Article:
Book Review: Delisi, M. (2005). Career Criminals in Society. Thousand Oaks, CA: Sage. pp. 196

Published date01 March 2008
Date01 March 2008
Subject MatterArticles
Delisi, M. (2005). Career Criminals in Society.
Thousand Oaks, CA: Sage. pp. 196.
DOI: 10.1177/0734016808314553
“In a way, the crime problem in a society is the career criminal problem because about
5% of the offenders account for more than half of the total crime and delinquency affecting
the population” (p. 173). This is the major premise of Matt Delisi’s Criminal Careers in
Society, which attacks the issue of persistent, dangerous criminals from a self-identified
conservative ideological perspective. That is, Delisi presents the book as a conservative
counterweight to much of academic criminology, which he characterizes as liberal-leaning
at least its implications, and often in its explicit stances.
His focus is particularly on those offenders who exhibit strong tendencies toward anti-
social and violent behavior from childhood or adolescence onward. Since these offenders
create so much havoc, “social control efforts should almost entirely focus on them” (p. 6).
Delisi first describes, with illustrative narratives and sample criminal records as examples,
the dynamics and parameters of the kind of criminal careers he is talking about. In two later
chapters, he categorizes relevant theories on criminal careers into developmental theories
(e.g., social bonding/control theory, social learning/differential association theory, Moffitt’s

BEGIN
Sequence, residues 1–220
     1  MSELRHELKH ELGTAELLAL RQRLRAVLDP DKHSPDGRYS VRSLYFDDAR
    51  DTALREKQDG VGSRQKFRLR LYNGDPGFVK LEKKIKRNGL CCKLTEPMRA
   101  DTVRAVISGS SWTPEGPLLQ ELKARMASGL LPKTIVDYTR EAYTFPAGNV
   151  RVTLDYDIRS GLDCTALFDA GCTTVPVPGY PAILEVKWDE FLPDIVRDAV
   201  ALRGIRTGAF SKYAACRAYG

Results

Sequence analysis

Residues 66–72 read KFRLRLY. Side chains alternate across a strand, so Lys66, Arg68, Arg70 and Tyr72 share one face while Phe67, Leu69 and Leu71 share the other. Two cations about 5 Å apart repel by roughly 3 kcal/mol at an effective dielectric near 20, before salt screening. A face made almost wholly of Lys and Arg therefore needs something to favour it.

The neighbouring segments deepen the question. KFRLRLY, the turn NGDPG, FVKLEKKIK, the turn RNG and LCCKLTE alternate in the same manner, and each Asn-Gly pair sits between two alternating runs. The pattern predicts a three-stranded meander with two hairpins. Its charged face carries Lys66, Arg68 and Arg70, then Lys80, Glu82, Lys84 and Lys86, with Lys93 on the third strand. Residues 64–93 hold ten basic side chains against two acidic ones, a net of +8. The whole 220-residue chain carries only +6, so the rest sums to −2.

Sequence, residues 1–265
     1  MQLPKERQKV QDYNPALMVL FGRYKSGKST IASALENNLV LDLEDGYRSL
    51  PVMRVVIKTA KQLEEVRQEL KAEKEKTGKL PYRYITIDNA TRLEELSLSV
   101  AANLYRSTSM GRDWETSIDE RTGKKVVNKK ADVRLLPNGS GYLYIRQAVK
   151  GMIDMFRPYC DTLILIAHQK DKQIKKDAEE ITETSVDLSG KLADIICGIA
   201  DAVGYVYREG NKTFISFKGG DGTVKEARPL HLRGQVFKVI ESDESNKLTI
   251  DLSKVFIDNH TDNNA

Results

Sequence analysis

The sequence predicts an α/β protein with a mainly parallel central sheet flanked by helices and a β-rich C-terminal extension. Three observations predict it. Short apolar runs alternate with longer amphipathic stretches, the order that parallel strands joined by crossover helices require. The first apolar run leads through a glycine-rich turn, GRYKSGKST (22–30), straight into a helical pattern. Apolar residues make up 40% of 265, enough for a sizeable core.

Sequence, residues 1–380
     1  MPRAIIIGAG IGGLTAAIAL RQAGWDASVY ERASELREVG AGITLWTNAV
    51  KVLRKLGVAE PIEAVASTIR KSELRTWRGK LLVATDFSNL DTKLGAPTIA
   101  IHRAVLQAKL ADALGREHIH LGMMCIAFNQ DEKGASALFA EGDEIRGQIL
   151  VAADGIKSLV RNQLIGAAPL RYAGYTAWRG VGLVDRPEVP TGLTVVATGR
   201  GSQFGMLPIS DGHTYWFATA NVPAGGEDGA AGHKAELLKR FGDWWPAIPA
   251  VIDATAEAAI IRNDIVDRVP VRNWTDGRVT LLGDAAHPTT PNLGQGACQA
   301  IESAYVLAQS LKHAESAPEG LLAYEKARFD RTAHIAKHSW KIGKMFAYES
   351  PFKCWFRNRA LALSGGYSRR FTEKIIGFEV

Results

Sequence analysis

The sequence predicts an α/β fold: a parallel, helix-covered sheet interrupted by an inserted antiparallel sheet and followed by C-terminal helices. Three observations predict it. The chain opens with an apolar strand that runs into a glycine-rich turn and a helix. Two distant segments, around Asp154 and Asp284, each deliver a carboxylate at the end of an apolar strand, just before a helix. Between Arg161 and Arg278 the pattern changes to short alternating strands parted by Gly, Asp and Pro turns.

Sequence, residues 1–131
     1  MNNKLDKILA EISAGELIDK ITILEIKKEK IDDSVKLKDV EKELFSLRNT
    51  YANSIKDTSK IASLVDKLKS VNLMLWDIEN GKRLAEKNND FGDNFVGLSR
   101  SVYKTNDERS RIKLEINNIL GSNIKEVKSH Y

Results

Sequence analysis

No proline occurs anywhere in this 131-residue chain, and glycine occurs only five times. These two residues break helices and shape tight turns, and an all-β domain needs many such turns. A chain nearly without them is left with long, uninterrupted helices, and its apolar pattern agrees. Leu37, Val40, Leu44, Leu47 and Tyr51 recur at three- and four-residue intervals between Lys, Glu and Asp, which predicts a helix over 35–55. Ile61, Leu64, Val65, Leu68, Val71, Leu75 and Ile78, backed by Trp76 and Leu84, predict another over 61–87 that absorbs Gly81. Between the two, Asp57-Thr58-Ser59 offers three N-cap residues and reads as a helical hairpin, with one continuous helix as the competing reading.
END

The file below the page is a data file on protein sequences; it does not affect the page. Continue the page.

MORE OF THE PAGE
developmental theory, and others) and propensity theories (J. Q. Wilson’s discussions of
crime and human nature, Gottfredson and Hirschi’s self-control theory), noting the strengths
and drawbacks of each in empirically addressing career criminals. Next, Delisi discusses
“the politics of career criminals,” and this chapter contains the polemical and policy heart
of the book. Here and in the concluding chapter, his main argument is that for a variety of
reasons, the “disorganized and lenient” (p. 136) criminal justice system does a generally poor
job of dealing with career criminals, and society does a poor job of investing in prevention
of the processes by which criminal careers develop, and of identifying and incapacitating
career criminals. He is not an uncritical enthusiast of selective incapacitation strategies,
however, noting that the prediction of criminal careers is very difficult, and current crimi-
nological tools are not up to the task. However, he notes that society cannot afford to wait
around for criminology to achieve the ability to prospectively identify career criminals with
great accuracy, if that is even humanly possible. Delisi also calls for much greater efforts
to incapacitate career criminals through longer (perhaps lifetime) periods of incarceration
for proven violent career criminals, and muses about the possible efficacy of more wide-
spread use of the death penalty for such offenders. Such a strategy, he argues, would neces-
sitate the state taking over the function of the well-known Innocence Project, using DNA
evidence routinely to guard against wrongful execution.
In my view, this is the most evidence-based, theoretically sophisticated, and least arrogant
conservative statement on criminology that one is going to find. Despite the conservative
rhetoric, what Delisi ends up doing is attempting to find a middle ground between his two
categorizations of theory (developmental and propensity), and indirectly, Left and Right.
He argues that conservative policy makers and criminal justice officials should embrace and
invest in specific efforts to prevent the processes by which career criminals develop in the
first place (he emphasizes primarily child and adolescent development processes). In turn,
liberal-leaning academics should recognize the human costs and harm done by career criminals,
accept the notion from propensity theories that some criminals have always been “bad” and
remain irredeemable, and stop implicitly apologizing for or sympathizing with them.
Book Reviews 103

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